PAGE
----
On last night's episode of NBC's Law and Order, an angry dad kills a doctor for giving his gender dysphoric child puberty blockers. The murdered doctor is married to a conservative congresswoman who is fighting the LGBTQUIA+ agenda.
The episode, "Private Lives," opens with fictional Congresswoman Kristin Bartell (Sasha Alexander) walking up the stairs to her home as an aide tells her, "We need to go over your schedule for next week. The Freedom Caucus is rallying for the ban on trans athletes in women's sports. They want you in D.C. to support...."
Before the aide can finish her sentence, the congresswoman finds broken glass and blood outside her husband's office. His body has been bludgeoned to death.
NYPD detectives Frank Cosgrove (Jeffrey Donovan) and Jalen Shaw (Mehcad Brooks) interview the congresswoman and learn she regularly receives death threats:
Shaw: Congresswoman, do you know anybody who wanted to harm your husband?
Bartell: This isn't about him. He was a saint. This is about me. This is about my political views. This is my fault.
Cosgrove: What do you mean, it's your fault?
Bartell: That was supposed to be me. I was scheduled to be here all day, but I got called into the office last minute for an emergency committee meeting.
Shaw: What makes you so sure that you were the intended target?
Bartell: I'm a conservative congresswoman in a state where admitting that out loud is a mortal sin. I'm constantly receiving threats. In the minds of far-left activists, I'm literally the devil.
Shaw: Any of those threats stand out in particular?
Bartell: Last week, there was an email. And they said that they would kill me in my own home.
Shaw: Do you know who sent that?
Bartell: No. It was anonymous. I just--I flagged the message for my security team.
Shockingly, the first part of the show focuses on left-wing activists who have been threatening or violent, something rarely acknowledged on television:
Cosgrove: 'You won't know when, but one day soon, you'll turn around, and I'll be there, in your house, with no one around to save you.' Message sent from an IP address registered in your name.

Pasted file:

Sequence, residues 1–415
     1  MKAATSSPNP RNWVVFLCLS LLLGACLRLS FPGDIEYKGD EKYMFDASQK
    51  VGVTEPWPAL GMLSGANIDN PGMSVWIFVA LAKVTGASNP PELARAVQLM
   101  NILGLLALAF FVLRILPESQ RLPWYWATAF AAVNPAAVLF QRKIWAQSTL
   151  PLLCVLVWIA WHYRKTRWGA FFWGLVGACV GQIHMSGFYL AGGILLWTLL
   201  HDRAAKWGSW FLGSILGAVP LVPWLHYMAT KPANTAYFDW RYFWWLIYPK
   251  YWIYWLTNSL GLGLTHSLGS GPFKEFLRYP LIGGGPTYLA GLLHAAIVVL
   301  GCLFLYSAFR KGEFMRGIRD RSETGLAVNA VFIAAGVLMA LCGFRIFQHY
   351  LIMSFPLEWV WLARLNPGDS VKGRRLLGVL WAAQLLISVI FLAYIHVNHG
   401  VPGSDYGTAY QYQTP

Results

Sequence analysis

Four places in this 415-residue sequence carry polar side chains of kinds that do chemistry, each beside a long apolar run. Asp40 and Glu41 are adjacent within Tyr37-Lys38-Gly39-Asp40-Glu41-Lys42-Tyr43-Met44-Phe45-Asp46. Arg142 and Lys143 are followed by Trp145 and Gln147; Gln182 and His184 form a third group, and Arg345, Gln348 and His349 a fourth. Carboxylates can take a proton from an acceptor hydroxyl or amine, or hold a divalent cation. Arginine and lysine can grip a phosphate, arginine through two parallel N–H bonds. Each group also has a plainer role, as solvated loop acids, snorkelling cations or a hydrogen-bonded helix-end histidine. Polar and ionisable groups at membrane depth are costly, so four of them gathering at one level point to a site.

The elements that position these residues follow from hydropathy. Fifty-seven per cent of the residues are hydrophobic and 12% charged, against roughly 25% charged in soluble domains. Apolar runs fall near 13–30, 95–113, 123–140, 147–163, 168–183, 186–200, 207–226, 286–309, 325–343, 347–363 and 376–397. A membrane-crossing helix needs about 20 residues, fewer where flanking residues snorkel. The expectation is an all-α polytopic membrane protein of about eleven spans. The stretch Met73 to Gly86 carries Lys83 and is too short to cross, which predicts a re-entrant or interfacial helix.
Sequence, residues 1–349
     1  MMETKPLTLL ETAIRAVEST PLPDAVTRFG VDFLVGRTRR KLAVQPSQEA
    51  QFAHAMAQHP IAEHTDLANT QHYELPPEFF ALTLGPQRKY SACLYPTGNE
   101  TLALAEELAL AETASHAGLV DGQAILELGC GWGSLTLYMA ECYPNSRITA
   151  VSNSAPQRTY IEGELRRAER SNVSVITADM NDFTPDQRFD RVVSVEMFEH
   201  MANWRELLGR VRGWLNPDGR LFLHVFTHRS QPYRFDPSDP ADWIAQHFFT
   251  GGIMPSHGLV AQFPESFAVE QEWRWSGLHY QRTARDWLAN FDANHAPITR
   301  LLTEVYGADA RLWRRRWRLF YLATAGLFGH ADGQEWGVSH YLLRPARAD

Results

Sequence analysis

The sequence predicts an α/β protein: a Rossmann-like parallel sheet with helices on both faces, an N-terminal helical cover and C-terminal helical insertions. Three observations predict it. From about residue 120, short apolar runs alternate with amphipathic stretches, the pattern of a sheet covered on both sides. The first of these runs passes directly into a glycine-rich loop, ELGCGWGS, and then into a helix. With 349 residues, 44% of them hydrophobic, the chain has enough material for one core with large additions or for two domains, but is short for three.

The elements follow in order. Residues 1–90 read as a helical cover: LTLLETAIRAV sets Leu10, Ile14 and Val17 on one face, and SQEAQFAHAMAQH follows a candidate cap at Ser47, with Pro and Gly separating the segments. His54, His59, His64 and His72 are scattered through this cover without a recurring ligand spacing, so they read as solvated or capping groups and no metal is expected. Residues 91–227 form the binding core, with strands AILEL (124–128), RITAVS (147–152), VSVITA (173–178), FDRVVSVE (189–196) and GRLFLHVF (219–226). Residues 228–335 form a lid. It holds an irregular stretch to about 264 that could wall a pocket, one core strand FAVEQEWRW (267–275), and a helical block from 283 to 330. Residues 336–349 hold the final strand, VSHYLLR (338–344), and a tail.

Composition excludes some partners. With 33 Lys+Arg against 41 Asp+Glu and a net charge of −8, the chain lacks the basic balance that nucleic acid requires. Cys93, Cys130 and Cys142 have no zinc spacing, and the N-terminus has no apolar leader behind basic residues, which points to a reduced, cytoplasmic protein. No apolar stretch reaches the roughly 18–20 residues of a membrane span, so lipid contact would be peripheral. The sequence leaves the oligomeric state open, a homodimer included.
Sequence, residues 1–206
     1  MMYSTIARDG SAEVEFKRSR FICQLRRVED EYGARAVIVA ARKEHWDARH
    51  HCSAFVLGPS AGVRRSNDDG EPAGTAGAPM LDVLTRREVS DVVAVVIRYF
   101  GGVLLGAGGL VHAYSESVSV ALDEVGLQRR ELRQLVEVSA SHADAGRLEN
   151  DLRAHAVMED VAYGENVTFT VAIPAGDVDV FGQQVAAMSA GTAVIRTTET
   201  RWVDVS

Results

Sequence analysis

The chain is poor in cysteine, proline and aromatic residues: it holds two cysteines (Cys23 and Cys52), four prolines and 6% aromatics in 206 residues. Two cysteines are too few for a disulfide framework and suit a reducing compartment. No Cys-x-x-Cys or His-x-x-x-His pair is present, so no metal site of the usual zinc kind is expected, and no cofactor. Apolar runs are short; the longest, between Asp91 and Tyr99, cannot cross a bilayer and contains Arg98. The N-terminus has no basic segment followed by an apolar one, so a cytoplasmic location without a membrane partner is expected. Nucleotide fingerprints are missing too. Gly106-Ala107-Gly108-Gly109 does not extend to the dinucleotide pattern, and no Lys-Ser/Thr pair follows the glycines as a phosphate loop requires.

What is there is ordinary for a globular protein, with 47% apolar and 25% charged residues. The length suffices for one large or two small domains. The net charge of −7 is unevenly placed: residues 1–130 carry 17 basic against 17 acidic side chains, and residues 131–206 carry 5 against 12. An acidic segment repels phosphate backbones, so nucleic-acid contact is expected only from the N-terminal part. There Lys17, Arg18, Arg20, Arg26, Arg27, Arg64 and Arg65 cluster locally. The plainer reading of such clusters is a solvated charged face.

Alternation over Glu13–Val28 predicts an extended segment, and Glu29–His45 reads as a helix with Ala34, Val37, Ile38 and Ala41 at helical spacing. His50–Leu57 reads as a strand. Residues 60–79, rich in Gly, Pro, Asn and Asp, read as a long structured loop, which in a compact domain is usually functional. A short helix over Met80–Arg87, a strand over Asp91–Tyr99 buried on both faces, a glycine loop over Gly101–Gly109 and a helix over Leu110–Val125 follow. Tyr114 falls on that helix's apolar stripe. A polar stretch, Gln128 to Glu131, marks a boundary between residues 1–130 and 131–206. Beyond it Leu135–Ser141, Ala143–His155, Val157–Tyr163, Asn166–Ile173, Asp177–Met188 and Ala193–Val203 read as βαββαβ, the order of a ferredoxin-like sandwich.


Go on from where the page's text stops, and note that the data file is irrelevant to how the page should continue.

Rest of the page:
Drag queen: Yeah, I sent it. I should probably know better, but frankly, she deserved it.
Shaw: How's that?
Drag queen: I'm a drag queen. I started a program, Read the House Down. Once a week, me and other queens volunteer to read to kids from the community.
Cosgrove: You do it in drag?
Drag queen: Well, the idea is to get kids excited about reading by making it fun.
Shaw: Aren't drag queens more of an--an adult thing?
Drag queen: Drag is just a celebration of who you are. The kids love it. It makes it fun.
Cosgrove: There's nothing fun about sending a threat to that congresswoman.
Drag queen: I was being dramatic. But Bartell introduced a bill that would ban children from being exposed to drag queens. It's a coded way of telling the crazies out there that we're pedophiles. It sparked all kinds of online hate, so I thought she should know what it felt like.
Cosgrove: You seem angry.
Drag queen: Damn right I am.
Shaw: Angry enough to show up at Kristin Bartell's house yesterday morning?
Drag queen: I would never actually do anything like that. I'm a pacifist.
While the drag queen acknowledges his threats, he deliberately plays down the inherently sexualized nature of drag, dismissing legitimate concerns as merely from "crazies."
In homing in on those who threatened Bartell, the episode goes so far as to interrogate a nasty Antifa activist who scoped out Bartell's home:
Antifa activist: I was just checking out the area, because we were planning a peaceful protest outside of Bartell's home.
Cosgrove: You wanna protest outside of a private residence with a baton, and you wanna call it peaceful?
Antifa activist: Politicians like Kristin Bartell want to insert themselves into the private lives of every citizen in the country. So why shouldn't their personal space be fair game?
Public readings to children and publicly playing sports on a team of the opposite biological sex are not about "private lives," of course. Still, this episode is the first time I have seen Antifa mentioned in a network cop drama at all. It was a pleasant surprise to see the Antifa member portrayed as a jerk.